Why did the US Navy Blue Angels start with Hellcats?

Discussion in 'Post-War' started by gjs238, Apr 2, 2016.

  1. gjs238

    gjs238 Well-Known Member

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    Instead of the Corsair?
     
  2. VBF-13

    VBF-13 Well-Known Member

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    I hope this doesn't sound too biased, but the 'Cat is the machine, that's why! :)
     
  3. FLYBOYJ

    FLYBOYJ "THE GREAT GAZOO"
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    My guess would be availability and it was an easier aircraft to fly.
     
  4. Token

    Token Active Member

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    They only flew the F6F for one year, then transitioned to the F8F.

    Although the F4U turned out to be an outstanding aircraft the F6F seems to have been a preferred aircraft by a lot of the pilots of the day. Most of the ones I have talked to that flew both said the F6F was more predictable, stable, and docile, but still capable of excellent performance. And the F6F certainly accumulated more flight hours and kills than the F4U. With all of that said I can see that if the pilots who formed the first flight of three were given their choice of aircraft they may have gone with the F6F, especially if they knew it was short term, and they would shift to something higher performance in the near future.

    T!
     
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  5. Glider

    Glider Well-Known Member

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    I admit this is only a guess but on a practical level the better visibility from the cockpit may well have been a factor. When undertaking close formation aerobatics the ability to see what is going on around you is all important. With its significant blind spot under the nose and the position of the cockpit towards the rear of the wing, visibility would almost certainly be less in the Corsair.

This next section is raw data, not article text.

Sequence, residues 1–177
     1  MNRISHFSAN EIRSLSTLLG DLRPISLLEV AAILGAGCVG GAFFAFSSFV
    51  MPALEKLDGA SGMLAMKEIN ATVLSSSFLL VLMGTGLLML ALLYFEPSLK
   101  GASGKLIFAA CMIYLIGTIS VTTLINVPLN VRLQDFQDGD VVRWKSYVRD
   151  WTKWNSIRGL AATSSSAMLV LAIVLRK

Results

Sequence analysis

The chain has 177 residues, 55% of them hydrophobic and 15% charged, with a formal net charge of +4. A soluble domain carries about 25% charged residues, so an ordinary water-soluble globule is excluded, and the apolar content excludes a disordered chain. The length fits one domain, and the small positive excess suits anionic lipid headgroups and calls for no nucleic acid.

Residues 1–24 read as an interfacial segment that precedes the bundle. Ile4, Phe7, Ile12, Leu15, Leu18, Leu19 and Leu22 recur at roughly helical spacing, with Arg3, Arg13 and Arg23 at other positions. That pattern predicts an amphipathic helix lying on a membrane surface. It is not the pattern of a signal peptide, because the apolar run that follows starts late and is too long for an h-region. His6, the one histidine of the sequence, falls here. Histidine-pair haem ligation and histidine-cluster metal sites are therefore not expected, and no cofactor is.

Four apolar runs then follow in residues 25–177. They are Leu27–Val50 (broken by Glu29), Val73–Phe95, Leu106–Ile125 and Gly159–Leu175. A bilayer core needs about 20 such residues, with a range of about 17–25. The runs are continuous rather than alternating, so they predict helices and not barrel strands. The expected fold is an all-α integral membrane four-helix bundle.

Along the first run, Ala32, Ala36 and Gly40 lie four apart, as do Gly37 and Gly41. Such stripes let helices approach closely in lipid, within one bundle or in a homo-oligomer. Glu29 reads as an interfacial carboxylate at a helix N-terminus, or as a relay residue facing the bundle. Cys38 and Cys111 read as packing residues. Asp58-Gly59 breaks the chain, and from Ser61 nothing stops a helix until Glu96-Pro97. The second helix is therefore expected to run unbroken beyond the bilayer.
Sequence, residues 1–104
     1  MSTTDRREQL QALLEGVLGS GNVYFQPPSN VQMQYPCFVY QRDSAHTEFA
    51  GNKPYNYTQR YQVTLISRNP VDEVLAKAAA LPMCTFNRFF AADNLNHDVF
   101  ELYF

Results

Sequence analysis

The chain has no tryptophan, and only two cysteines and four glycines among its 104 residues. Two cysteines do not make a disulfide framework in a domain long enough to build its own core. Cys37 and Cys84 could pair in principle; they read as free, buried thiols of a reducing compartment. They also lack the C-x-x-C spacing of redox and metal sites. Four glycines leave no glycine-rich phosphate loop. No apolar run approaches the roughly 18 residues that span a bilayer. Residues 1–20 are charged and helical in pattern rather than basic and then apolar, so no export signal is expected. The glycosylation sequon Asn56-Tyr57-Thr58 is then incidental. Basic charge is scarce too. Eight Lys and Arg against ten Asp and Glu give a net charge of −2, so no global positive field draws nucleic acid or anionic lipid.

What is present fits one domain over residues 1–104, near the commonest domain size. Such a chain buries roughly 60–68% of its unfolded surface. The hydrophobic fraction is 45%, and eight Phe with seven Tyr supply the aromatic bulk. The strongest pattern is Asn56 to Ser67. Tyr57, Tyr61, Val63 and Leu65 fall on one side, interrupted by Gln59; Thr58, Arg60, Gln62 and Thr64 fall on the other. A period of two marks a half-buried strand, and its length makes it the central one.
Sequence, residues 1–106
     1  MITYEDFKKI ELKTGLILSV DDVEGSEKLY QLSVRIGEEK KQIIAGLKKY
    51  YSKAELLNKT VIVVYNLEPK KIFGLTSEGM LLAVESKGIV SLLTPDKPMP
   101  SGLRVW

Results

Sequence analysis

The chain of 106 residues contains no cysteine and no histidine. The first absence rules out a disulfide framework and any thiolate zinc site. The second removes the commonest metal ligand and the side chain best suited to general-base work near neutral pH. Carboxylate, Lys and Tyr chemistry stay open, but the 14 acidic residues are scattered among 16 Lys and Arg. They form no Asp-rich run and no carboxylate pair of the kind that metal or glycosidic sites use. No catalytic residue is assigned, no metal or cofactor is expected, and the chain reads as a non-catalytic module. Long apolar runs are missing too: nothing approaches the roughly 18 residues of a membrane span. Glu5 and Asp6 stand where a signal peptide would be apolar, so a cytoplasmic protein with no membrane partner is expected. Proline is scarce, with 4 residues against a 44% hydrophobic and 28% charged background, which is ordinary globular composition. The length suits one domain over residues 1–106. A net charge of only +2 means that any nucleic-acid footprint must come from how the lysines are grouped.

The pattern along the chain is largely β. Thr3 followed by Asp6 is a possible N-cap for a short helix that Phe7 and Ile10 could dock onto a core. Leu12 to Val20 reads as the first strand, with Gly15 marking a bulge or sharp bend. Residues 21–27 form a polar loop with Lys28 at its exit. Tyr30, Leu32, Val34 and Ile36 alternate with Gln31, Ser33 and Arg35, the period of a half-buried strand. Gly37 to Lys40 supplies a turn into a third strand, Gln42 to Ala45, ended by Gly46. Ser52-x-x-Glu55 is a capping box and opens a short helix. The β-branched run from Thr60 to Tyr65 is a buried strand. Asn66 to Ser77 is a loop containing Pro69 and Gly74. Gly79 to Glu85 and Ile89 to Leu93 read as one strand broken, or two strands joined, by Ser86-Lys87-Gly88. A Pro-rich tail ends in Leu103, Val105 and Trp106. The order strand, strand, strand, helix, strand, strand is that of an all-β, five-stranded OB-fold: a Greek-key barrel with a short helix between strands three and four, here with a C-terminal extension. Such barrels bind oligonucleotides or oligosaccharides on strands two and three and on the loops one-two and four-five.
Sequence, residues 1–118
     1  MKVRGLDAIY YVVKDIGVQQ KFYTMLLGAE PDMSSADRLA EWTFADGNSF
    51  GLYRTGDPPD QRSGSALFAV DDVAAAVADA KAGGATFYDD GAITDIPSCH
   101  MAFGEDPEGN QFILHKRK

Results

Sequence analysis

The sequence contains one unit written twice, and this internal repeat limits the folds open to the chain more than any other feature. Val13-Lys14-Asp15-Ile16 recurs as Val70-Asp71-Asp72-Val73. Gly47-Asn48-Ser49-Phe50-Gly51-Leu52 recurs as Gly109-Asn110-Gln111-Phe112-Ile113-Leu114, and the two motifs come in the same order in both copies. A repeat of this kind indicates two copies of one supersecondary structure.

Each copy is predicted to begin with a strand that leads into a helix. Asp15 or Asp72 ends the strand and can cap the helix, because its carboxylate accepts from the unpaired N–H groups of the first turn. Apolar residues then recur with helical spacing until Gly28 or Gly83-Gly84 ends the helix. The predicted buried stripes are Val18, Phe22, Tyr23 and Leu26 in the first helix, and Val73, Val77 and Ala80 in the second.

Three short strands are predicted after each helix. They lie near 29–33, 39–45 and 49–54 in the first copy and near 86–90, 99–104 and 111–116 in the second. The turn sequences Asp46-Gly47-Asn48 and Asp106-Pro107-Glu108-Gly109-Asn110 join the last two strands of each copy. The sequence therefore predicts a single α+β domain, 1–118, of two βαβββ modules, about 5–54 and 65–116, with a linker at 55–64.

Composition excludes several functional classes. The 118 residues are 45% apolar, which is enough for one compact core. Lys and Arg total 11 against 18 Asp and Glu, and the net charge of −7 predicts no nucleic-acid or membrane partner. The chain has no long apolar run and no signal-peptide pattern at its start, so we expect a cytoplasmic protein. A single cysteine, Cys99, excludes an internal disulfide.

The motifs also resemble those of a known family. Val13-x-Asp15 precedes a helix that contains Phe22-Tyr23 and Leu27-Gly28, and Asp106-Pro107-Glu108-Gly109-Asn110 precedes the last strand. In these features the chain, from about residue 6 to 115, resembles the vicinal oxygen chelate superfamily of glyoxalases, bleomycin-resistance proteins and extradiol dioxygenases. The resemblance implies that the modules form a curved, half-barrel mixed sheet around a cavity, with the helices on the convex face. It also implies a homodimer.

With its cockpit more or less in the middle of the wing and the sloping nose the Hellcat would have better all round vision.
     
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  6. VBF-13

    VBF-13 Well-Known Member

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    Good point, Glider. This is just based on hearsay from the former Navy and Marine fighter pilots in my Dad's club, but I think the F6F was a better "fly," too, particularly in tight formation. That's not to say the F4U, even as "recessed" from the nose as that cockpit was, wasn't a crack acrobat. It was responsive, and could keep up with anything, from the stories I heard. This was known from just the drilling. When the pilots were off, they were encouraged to check-out in their aircraft, to remain sharp. While it may not have been an official policy, they pushed those aircraft to the limits in those drills. They knew what they could do better than anybody.

    As an aside, in a story I related earlier in another thread, an F4U in Kaneohe made an emergency landing at the Navy base, there, with telephone wires wrapped around a wing, and the Hawaiian police hot on his tail. The daredevil pilot tried to go under telephone pole wires up on one of the mountain roads. Almost made it. :)
     
  7. GrauGeist

    GrauGeist Well-Known Member

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    Keep in mind that the F6F was also at the end of it's service by war's end, being replaced by the F8F, so in a sense, it was "expendable".

    Even though the F6F served with the Blue Angels less than 6 months, it still would have been far easier to convince the "Brass" to commit an end of service aircraft to the new program than it would a new type.